What would you pay for a living, breathing, irreplaceable part of America’s history and heritage in the form of an iconic Mustang?
The bidding starts at $125.00 for wild horses such as this 15-year-old Calico mare, Necktag #0832.
She, and many, many others, are for sale — not adoption — in the Bureau of Land Management (BLM) online wild horse auction.
The BLM makes it clear why these horses are for sale to the highest bidder.
Under a December 2004 amendment to the 1971 wild horse and burro law, animals more than 10 years old – as well as younger ones that have been passed over for adoption at least three times – are eligible for sale, a transaction in which the title of ownership passes immediately from the Federal government to the buyer. The Purchaser agrees to provide the animal with good care and to not knowingly sell or transfer ownership of any listed wild horse or burro to any person or organization with an intention to resell, trade, or give away the animal for processing into commercial products.
“. . . processing into commercial products.” We know what that means. Horse meat. And the BLM are going to enforce this provision how exactly?
In case you have been wondering what is happening to the Calico Mustangs, here is another for sale. He is a 25-year old buckskin stallion, Necktag #1334.
The thought of this magnificent Mustang, at the age of 25, rounded up by helicopter, separated from his herd and family, bought online for $125 by a killer buyer, and going to slaughter for his meat, should send shivers down the spines of any red-blooded, freedom-loving American. Why won’t the BLM simply leave these older horses out on the range to live out their lives in peace?
Who do we have to thank for the “2004 amendment to the 1979 wild horse and burro law” aka the Burns Amendment? Well, that’s like asking who is buried in Grant’s Tomb. It’s Sen. Conrad Burns, right? Well, yes and no. According to Burns in an interview with Steve Long, he performed the dastardly deed at the behest of his good friend Sen. Harry Reid of Nevada. Here’s an excerpt:
- HORSEBACK: I’m working on this story that’s going on up in Montana with the Pryor Mountain wild horses. In my research I obviously ran across the Burns Amendment. Can you tell me how that came about and what prompted it?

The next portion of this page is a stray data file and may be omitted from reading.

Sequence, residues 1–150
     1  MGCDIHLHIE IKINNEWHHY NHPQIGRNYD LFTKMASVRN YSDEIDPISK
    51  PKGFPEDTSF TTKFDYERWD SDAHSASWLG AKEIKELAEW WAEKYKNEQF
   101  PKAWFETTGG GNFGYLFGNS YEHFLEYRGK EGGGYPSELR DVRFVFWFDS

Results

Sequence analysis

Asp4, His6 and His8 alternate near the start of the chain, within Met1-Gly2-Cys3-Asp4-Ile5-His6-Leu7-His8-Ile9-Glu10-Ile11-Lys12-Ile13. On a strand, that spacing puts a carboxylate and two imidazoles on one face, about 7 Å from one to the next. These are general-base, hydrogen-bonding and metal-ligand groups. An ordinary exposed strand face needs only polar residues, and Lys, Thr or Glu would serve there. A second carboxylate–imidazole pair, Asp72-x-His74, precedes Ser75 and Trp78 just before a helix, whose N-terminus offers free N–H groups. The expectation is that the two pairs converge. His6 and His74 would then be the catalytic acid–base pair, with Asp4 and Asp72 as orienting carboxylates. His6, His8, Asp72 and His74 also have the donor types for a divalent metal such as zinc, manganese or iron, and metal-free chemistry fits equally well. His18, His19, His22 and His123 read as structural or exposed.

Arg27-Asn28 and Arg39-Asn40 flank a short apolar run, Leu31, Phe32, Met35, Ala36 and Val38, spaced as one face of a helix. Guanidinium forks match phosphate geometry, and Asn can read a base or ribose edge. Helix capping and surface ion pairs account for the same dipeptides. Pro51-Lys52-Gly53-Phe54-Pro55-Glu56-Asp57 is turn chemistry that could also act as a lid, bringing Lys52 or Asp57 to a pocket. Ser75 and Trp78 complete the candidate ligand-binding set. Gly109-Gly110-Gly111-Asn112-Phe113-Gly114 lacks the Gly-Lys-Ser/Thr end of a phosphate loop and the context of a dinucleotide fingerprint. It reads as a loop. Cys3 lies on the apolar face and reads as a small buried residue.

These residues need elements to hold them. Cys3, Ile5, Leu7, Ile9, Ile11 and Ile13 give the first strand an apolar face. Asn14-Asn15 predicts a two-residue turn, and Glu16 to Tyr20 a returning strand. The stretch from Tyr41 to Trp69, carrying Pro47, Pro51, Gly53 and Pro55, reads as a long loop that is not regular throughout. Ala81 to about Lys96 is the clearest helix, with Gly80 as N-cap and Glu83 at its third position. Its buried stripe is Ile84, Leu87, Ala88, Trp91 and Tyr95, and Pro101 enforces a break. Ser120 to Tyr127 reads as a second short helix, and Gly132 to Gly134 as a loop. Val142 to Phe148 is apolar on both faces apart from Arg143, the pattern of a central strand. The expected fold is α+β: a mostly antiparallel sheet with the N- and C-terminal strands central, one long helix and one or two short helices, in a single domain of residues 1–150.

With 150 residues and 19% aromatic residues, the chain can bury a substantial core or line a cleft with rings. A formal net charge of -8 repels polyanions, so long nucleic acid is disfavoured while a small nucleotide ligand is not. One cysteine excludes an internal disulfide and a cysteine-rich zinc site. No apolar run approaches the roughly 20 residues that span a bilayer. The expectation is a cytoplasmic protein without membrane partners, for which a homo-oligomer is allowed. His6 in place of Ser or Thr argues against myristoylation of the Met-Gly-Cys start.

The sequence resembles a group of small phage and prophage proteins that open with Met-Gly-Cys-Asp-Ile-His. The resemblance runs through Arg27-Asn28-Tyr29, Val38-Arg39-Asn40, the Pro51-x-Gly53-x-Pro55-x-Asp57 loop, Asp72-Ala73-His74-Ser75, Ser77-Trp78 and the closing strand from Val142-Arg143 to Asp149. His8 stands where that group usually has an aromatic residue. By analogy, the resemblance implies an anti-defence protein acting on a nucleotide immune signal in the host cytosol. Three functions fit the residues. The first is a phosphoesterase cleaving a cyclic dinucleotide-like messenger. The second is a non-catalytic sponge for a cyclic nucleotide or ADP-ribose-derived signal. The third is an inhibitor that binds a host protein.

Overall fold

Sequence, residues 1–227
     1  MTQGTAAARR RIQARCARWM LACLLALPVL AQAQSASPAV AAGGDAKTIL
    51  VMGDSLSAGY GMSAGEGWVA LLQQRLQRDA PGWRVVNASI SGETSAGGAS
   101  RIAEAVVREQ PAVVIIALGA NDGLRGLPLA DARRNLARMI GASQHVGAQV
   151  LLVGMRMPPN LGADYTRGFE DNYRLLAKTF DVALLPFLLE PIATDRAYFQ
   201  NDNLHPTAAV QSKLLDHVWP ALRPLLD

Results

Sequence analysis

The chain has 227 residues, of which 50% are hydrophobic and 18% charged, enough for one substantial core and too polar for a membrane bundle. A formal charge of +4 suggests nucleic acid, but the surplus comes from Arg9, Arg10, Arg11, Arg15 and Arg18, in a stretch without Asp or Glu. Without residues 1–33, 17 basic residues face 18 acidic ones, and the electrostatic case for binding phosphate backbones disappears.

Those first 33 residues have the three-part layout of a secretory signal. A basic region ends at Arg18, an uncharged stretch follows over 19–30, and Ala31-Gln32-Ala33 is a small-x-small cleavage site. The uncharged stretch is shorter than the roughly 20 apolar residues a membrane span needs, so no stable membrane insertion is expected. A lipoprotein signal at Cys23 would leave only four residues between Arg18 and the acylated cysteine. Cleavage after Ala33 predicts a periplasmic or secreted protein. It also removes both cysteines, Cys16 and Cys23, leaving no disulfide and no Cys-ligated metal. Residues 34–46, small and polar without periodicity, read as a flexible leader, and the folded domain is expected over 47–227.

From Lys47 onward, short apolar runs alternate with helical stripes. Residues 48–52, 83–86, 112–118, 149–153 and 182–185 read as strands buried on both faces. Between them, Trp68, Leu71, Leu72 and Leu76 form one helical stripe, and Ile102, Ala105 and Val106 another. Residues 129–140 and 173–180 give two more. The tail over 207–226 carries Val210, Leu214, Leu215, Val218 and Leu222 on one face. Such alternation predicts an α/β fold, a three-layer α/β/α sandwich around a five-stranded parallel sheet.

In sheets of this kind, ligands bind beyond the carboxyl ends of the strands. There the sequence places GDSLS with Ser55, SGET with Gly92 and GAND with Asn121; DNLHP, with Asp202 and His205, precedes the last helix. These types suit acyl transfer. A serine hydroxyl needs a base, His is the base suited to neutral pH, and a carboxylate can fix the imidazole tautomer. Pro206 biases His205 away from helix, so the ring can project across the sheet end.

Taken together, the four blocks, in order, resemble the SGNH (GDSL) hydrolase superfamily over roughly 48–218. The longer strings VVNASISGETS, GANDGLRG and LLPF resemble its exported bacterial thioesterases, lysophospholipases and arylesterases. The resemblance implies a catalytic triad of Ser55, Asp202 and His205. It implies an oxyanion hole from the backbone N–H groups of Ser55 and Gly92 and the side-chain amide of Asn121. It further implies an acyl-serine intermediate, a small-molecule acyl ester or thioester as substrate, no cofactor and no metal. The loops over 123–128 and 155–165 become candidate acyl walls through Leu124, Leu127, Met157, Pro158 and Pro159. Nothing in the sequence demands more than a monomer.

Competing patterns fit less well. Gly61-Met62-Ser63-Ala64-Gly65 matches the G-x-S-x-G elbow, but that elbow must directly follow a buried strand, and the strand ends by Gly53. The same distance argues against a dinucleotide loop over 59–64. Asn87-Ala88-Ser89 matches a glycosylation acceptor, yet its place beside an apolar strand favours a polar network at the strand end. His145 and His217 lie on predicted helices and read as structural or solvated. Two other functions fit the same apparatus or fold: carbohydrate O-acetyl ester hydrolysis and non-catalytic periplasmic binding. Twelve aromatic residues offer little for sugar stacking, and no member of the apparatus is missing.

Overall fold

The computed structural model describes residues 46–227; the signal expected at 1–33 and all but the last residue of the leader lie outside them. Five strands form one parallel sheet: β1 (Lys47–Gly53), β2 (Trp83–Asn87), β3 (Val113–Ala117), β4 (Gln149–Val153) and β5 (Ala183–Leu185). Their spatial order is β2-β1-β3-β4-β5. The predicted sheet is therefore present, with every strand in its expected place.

BURNS: Well, Harry Reid came to me and said, ‘I’ve got a problem in Nevada.’ And I said I said ‘What kind of a problem do you have?’ because we don’t have a problem up in Montana.
HORSEBACK: So what happened then?
BURNS: So he and I, up in his office, got together and we crafted that amendment because they’ve really got that problem of over grazing down there. That’s how that came about.
HORSEBACK: It was actually Reid’s idea, huh?
BURNS: Yeah, well it was his problem. I just helped him solve it, that’s all.
HORSEBACK: Well, you did a pretty good job of it.
BURNS: I don’t think they’ve sold any or anything like that. It wasn’t really designed for that. The premise of it was to take a strong look at how we manage our resources and how they affect the herd of the horses.
On the BLM auction website, you can scroll through pages of beautiful wild horses being sold to the highest bidder to get them out of long-term holding because of their failed adoption policy. For that you can blame many people. However, this particular episode of the wild horse and burro tragedy started with a couple of unscrupulous U.S. Senators named Burns and Reid.
The auction is schedule to last two weeks starting July 14, 2010.